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Revenue shortfalls make DuPage cautious
By Jake Griffin | Daily Herald Staff
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Published: 6/24/2009 12:02 AM

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Revenues that fell 30 percent below projections last month has DuPage County readjusting its budget and putting the brakes on plans to borrow for capital improvement projects.

May revenues came in at $9.2 million, finance department officials announced during a quarterly budget update at Tuesday's county board meeting. Sales tax revenue was off by $1.5 million, and fees from the recorder's office were off by $1.9 million. Delays in state reimbursements also accounted for the revenue decline.

Fred Backfield, the county chief financial officer, has lowered revenue projections for the year by $5.6 million. The county will be able to make that up by putting off plans to borrow for a massive capital improvement campaign.

"The initial analyses do raise caution flags and emphasize that the key in next year's budget will be controlling competing costs and pressures," he said.

Those "competing costs and pressures" are mainly related to personnel costs. Despite a full-time employee head count for the first six months that wound up about 75 workers below what was budgeted, health insurance costs were up by $613,000 in the first six months of the year.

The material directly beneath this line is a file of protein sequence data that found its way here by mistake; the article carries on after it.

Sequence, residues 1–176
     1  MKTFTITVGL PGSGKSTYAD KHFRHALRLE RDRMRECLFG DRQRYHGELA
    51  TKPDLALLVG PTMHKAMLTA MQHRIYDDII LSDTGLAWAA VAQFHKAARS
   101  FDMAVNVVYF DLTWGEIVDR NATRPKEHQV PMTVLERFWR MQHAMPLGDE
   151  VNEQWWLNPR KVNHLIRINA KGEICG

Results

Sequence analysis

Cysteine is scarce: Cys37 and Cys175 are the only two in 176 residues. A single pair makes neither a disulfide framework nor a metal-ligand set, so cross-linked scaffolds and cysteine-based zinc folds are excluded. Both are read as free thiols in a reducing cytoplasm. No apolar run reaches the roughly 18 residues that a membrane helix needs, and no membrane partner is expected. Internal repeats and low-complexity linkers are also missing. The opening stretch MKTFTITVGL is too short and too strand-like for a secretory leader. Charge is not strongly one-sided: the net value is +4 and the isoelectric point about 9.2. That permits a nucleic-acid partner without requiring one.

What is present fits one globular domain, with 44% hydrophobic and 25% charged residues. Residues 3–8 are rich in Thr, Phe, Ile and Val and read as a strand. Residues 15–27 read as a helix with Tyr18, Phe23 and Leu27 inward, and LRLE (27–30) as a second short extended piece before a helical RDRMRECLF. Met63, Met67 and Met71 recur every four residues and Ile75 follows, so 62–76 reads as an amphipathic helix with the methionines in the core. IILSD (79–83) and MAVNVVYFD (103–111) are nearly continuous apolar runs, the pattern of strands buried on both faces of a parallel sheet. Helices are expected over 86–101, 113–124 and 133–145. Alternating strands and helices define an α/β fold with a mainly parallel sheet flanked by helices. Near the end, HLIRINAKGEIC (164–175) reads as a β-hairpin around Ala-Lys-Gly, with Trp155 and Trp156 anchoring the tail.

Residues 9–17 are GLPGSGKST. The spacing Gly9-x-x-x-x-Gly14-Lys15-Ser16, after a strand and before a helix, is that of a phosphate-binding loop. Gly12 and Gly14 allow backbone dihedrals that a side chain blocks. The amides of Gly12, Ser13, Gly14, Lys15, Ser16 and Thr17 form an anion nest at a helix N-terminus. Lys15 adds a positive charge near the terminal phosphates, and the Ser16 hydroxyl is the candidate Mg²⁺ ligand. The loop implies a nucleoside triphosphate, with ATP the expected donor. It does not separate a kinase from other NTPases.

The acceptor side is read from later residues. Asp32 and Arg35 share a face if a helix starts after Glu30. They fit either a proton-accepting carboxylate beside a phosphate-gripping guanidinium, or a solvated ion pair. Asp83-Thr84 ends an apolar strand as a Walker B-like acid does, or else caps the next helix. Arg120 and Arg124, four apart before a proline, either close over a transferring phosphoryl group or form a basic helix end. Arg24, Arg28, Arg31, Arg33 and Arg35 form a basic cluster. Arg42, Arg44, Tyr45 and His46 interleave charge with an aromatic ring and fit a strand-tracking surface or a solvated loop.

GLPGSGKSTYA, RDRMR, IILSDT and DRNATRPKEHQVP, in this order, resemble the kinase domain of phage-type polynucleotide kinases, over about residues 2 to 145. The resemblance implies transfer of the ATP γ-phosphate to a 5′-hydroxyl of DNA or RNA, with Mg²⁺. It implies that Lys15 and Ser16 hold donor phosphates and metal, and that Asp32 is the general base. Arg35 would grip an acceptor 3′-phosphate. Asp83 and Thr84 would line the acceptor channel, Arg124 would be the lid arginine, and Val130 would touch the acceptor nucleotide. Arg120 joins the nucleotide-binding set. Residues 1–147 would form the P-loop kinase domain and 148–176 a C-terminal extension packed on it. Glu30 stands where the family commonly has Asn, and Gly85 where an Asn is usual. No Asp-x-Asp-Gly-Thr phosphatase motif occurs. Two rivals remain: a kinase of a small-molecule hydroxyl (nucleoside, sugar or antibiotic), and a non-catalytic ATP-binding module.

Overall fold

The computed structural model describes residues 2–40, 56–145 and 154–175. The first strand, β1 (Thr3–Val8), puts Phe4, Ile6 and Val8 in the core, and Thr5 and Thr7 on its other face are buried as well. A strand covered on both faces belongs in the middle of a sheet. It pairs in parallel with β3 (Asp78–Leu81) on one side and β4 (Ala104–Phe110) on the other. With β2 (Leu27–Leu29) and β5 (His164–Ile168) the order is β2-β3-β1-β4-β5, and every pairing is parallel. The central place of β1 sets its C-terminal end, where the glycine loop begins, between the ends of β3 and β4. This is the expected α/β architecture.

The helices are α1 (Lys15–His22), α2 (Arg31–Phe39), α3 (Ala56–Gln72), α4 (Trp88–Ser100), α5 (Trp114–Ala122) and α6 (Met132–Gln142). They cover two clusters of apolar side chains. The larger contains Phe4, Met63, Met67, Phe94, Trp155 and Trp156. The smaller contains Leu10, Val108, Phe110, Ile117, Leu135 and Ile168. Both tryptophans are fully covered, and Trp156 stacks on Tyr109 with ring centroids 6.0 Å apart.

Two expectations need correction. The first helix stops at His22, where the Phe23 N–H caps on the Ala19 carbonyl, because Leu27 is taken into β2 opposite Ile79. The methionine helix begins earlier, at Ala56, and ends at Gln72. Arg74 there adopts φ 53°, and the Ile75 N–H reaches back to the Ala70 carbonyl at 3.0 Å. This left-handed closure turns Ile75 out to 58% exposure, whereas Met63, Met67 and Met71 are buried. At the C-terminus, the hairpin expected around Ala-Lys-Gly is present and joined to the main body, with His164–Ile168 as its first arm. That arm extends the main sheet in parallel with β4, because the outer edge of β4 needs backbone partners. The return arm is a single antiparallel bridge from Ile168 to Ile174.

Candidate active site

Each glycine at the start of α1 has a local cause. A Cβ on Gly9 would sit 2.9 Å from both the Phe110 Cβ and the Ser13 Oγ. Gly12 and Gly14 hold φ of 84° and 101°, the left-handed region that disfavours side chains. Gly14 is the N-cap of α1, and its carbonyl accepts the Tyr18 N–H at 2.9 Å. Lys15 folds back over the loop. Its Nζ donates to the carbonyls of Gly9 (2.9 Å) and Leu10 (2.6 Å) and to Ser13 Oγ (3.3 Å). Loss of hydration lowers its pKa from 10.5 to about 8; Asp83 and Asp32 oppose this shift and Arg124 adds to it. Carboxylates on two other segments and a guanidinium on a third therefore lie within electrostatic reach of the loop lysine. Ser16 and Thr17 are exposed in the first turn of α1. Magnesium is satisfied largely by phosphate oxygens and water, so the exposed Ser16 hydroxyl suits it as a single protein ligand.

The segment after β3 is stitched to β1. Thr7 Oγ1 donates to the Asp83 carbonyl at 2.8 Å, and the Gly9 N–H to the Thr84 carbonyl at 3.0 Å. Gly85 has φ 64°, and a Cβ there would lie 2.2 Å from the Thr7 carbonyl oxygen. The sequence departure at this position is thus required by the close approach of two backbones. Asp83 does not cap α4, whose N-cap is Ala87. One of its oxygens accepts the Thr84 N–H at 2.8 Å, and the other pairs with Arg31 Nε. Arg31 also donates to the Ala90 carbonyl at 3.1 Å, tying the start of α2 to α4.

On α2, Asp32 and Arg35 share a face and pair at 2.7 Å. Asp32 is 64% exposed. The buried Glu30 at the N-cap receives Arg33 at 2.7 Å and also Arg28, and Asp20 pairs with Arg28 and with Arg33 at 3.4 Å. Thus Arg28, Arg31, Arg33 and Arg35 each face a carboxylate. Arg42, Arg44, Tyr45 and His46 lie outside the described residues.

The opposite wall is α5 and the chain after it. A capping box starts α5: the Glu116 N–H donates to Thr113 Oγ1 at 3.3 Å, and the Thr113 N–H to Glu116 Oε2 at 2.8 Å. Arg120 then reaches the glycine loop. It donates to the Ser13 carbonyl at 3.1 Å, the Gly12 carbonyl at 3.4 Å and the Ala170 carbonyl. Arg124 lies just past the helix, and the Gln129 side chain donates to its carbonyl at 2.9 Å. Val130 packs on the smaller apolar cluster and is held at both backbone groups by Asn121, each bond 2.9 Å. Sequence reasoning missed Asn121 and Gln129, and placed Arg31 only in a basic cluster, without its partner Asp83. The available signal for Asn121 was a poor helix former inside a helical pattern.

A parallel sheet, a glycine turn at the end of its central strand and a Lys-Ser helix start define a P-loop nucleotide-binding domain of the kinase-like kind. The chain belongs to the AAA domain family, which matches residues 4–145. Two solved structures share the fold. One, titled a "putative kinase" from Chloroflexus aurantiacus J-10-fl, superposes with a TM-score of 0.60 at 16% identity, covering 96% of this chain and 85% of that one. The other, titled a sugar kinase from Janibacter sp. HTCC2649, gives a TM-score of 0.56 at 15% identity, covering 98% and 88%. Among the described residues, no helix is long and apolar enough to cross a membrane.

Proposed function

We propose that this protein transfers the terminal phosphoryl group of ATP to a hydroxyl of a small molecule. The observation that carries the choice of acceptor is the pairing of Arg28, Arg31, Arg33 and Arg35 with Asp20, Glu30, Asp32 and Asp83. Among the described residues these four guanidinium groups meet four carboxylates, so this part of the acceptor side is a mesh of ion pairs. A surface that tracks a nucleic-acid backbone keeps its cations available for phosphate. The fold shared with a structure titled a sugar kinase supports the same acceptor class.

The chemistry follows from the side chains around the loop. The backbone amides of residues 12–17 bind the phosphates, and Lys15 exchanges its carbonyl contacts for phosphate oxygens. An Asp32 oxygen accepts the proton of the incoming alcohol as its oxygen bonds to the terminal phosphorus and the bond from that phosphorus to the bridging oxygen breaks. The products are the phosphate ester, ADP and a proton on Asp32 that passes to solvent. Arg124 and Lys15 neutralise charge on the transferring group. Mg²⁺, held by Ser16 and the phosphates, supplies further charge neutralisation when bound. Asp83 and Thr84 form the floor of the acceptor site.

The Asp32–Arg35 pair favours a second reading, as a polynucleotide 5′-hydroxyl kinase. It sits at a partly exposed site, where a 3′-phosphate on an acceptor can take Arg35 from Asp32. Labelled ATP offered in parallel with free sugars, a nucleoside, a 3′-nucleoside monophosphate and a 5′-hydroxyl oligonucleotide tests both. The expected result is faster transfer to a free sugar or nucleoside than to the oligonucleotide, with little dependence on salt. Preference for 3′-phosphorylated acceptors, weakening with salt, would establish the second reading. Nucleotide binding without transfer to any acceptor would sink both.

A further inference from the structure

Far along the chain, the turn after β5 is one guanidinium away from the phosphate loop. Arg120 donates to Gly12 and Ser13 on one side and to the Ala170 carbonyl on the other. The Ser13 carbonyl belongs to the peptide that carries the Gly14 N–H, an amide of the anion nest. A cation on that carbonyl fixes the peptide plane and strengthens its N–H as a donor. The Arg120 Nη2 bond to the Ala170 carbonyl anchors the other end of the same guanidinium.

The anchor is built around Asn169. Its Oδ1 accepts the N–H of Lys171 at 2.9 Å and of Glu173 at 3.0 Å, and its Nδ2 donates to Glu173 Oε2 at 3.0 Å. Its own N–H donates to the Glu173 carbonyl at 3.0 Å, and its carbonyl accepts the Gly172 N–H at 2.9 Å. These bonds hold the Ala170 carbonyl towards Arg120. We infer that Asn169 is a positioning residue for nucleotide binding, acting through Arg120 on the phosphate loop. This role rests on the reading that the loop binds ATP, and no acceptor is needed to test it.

"It's obviously a significant figure, and every year health insurance is a concern," said DuPage County Board Chairman Robert Schillerstrom. "And there are some pretty strong indicators health insurance is going to cost more next year."

Schillerstrom said there's no need to institute a hiring freeze, but some board members are keeping an eye on personnel costs.

"As attrition occurs, more often than not we're not replacing those positions," said board member Paul Fichtner who heads the board's finance committee.

Some board members also said the county's finance department should have been more conservative with revenue estimates to begin with instead of pushing spending plans for majority of the sales tax increase generated by a quarter percent hike last year.

"Generally, government finance offices are never conservative enough," said board member Brien Sheahan. "Thank God we won the fight over forecast of revenues this year that were 6 percent higher when the process started."

Schillerstrom said he was not alarmed by the midyear figures.

"We have a rainy-day fund and our cash balance is where it should be," he said. "We're in a very good position compared to all the other counties. I wouldn't trade places with any other governmental entity."